This short review appears on The Upcoming website here.
Miss and the Doctors (Tirez la langue, Mademoiselle) is a comedy-drama from French writer-director Axelle Ropert. A love triangle story, it is about two brothers, Boris and Dimitri (Cédric Kahn and Laurent Stocker) who are both doctors and who share a practise in Paris. Independently of each other, they both fall in love with a young woman Judith (Louise Bourgoin) who has a diabetic daughter (Paula Denis). Ropert traces these developing relationships and the complications that ensue.
Axelle Ropert adopts a very muted, elliptical and somewhat distant tone. The plot plays out through a series of coincidences, which seem to be intended to stretch our disbelief, and moments that could have been fruitfully played for either comedy or drama occur off-screen. We are shown very little detail and when Boris and Dimitri both fall for Judith, we are never sure why. There is a suggestion that Boris and Dimitri may be so in need of a romantic relationship that they don’t care who they fall for, but this comes to nothing. And while it does initially seem that the film does have some kind of a strategy, that all will make sense as the film goes on, a totally flubbed ending ultimately suggests that the confusion is simply down to bad filmmaking.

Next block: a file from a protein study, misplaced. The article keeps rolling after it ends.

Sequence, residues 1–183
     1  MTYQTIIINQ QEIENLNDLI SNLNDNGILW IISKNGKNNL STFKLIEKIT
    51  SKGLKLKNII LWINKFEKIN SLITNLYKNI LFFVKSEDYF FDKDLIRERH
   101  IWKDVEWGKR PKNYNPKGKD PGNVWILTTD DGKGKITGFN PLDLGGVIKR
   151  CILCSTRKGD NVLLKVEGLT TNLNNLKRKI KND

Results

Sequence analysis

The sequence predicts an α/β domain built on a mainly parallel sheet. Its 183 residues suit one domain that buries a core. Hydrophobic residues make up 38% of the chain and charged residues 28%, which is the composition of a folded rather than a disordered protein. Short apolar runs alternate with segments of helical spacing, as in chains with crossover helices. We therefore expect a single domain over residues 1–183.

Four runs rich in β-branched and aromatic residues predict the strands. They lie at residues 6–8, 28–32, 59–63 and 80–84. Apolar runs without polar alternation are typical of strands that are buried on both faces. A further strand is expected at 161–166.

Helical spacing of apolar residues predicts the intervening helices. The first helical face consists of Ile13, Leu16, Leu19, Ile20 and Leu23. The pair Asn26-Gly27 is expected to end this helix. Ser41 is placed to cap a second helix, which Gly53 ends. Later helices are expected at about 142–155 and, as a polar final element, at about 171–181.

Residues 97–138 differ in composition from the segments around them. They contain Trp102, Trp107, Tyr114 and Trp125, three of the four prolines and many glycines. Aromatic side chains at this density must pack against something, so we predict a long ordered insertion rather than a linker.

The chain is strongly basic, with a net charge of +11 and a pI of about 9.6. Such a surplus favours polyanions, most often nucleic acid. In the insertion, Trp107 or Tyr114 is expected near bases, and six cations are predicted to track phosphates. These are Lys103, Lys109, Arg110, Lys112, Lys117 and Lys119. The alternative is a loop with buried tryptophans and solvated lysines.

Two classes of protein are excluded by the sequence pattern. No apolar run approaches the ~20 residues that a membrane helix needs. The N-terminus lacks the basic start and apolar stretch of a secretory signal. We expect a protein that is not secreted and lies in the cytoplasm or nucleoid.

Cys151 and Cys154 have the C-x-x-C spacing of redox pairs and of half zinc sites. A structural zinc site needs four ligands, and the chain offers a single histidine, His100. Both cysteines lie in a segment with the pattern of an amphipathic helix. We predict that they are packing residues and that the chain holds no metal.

The film is passable, but it is rather vague and more than a little stiff. The three lead actors suffer with under-developed characters and the script offers ample backstory but no real development. The direction is fine though some scenes seem badly thought-out, such as one key scene’s odd focus on a goofy organ grinder, who seems important but turns out not to be. Ultimately, the film has little going on, beyond a very traditional story told lethargically.